# Checking integrability

Which of the following functions is Riemann- integrable in $[0,1]$ ?

1. $f(x)= \sin(\ln x ) ) , x\neq 0$ ,$f(0)=0$ .

2. $f(x) = \frac{1}{x} \sin(\frac{1}{x} ) , x\neq 0$ ,$f(0)=0$ .

3. $f(x)= \frac{\sin(x)}{x} , x\neq 0$ , $f(0)=0$.

all the functions here are bounded, but none is continuous. How can I determine whether or not they are integrable (I should not check Riemann sums...) ?

Maybe I can calculate these integrals somehow?

Thanks in advance !

• They all look integrable to me. The set of discontinuities of each function is a set of measure zero, thus they are integrable. – Wintermute Jan 12 '14 at 21:51
• I don't think the function in 2. is bounded. – David Mitra Jan 12 '14 at 21:52
• @DavidMitra $\displaystyle{\large 2.}$ becomes $\displaystyle{\large \int_{1}^{\infty}{\sin\left(x\right) \over x}\,{\rm d}x}$ with the change $\displaystyle{\large x \to {1 \over x}}$. – Felix Marin Jan 12 '14 at 22:19
• @FelixMarin Yes. But the function in 2. is not Riemann integrable over $[0,1]$, since it's unbounded there. – David Mitra Jan 12 '14 at 22:29
• – Mhenni Benghorbal Jan 13 '14 at 5:36

## 1 Answer

A bounded function is Riemann integrable if and only if its set of discontinuities is very small (namely, Lebesgue measure zero; but countable or finite does it). Each of your functions is a composition and/or multiplication of continuous functions away from $0$, so each function is certainly continuous on $(0, 1]$, so the set of discontinuities for each is contained in $\{0\}$, which certainly doesn't change integrability.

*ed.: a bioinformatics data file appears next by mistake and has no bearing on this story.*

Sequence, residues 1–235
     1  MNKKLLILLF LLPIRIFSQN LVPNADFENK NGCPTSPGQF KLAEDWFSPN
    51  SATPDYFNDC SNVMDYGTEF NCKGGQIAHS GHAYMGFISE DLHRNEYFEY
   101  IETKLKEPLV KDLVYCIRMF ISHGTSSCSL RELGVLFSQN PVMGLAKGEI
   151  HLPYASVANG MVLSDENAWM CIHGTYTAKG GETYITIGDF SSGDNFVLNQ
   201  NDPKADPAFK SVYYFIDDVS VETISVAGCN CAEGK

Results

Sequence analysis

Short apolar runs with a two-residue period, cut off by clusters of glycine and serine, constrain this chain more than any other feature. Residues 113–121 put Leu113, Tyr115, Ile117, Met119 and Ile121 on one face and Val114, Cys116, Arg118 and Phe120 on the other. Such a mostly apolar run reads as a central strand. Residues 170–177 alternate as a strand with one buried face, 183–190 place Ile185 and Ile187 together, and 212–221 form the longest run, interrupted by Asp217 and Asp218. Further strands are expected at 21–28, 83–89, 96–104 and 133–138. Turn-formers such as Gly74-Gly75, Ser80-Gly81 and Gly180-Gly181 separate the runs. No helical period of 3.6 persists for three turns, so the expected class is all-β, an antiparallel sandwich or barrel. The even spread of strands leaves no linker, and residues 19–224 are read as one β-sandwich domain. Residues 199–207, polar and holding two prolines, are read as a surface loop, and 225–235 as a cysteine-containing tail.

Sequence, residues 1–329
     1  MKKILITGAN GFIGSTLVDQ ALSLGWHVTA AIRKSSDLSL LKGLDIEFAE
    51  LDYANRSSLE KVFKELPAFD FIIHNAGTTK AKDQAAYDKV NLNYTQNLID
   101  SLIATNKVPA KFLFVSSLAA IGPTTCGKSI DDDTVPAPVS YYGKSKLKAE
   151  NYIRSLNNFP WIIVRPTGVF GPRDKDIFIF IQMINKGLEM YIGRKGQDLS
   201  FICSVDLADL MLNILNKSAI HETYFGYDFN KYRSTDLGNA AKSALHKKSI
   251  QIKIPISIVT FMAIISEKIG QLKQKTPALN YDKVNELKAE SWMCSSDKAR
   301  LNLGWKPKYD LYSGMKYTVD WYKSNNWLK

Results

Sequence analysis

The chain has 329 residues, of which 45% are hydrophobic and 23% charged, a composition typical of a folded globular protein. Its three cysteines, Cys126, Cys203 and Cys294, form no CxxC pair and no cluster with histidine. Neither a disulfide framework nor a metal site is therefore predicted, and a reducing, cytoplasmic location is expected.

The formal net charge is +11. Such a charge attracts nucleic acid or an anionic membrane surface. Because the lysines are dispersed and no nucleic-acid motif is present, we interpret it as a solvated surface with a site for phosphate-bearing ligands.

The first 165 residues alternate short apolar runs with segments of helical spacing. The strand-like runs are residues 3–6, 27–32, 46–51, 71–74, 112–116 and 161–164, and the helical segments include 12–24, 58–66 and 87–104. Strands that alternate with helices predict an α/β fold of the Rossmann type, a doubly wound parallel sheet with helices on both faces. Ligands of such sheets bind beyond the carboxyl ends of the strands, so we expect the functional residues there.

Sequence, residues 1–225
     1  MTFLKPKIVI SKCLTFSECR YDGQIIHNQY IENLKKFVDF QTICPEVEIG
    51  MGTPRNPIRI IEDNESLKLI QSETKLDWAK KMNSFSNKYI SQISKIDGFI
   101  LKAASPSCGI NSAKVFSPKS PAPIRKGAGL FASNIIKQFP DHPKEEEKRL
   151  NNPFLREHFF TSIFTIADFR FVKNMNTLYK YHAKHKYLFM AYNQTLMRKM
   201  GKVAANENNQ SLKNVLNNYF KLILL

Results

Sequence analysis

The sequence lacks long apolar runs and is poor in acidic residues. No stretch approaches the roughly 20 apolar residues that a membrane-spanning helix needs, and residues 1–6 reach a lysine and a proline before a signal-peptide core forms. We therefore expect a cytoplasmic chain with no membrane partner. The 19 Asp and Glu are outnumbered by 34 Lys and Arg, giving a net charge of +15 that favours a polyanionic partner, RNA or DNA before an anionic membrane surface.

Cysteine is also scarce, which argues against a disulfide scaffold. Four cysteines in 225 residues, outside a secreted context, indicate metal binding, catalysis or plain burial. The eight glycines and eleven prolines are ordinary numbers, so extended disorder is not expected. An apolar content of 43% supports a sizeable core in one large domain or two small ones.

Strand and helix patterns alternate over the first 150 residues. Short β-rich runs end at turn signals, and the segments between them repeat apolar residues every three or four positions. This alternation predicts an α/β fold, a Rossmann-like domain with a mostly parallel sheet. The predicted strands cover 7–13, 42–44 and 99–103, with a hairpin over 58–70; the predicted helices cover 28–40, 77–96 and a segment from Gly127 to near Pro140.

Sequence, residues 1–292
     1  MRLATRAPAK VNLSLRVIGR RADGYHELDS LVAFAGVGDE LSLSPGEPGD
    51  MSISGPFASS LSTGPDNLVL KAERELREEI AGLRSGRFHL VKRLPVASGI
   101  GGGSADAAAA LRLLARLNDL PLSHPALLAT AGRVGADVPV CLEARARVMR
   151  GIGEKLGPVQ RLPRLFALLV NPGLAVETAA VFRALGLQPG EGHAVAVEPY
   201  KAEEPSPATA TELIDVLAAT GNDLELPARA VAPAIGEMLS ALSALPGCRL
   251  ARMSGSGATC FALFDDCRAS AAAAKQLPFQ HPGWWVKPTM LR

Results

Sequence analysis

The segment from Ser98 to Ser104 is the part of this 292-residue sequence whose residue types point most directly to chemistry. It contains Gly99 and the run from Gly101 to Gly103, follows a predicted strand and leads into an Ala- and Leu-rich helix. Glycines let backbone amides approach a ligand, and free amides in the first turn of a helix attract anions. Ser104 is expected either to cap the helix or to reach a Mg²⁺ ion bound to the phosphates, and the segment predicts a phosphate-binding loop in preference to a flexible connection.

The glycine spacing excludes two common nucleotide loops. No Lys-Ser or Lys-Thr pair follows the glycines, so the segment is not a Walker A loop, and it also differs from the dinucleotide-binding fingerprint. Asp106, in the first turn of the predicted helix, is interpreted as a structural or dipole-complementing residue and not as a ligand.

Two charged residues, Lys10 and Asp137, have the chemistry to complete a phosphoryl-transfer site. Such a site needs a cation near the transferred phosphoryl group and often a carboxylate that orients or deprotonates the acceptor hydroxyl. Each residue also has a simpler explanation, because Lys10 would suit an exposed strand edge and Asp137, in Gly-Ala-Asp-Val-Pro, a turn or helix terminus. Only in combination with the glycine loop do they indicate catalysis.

Function $(1)$ is certainly bounded, since $\sin$ is on the outside. Function $(3)$ is bounded because

$$\lim_{x \to 0} \frac{\sin x }{x} = 1$$

However, function $(2)$ is not bounded; you may find it useful to consider the behaviour of

$$t \sin t$$

as $t \to \infty$.

• Can you tell me how is your statement for Lebesgue criteria differs from the my downvoted and deleted answer? You are using "iff" and "finite or countable does it". By the way, you are one of those who deleted the answer. – Mhenni Benghorbal Jan 13 '14 at 5:25
• @MhenniBenghorbal Your answer stated that a function is Riemann integrable on $[a, b]$ iff i) it's bounded and ii) It has a countable number of discontinuities. This is false, leading to my downvotes: there are functions with uncountably many points of discontinuity that are still Riemann integrable (e.g. the indicator function on the Cantor set). My answer gives the statement that whenever the set of discontinuities is finite or countable, then the function is integrable, and does not assert anything more. – user61527 Jan 13 '14 at 5:51
• @MhenniBenghorbal In short, the 'if' is true and the 'iff' is false. – user61527 Jan 13 '14 at 5:52
• Dear all, I now understand 1 and 3, but not 2. How does the statement that a Riemann integrable function must be bounded agree with that the function $\frac{1}{\sqrt{x} }$ is integrable in [0,1] but not bounded near 0? Thanks ! – Integral Professor Jan 13 '14 at 17:39
• @IntegralProfessor It's not Riemann integrable in the classical sense, but rather in the usual sense of an improper integral. – user61527 Jan 13 '14 at 18:40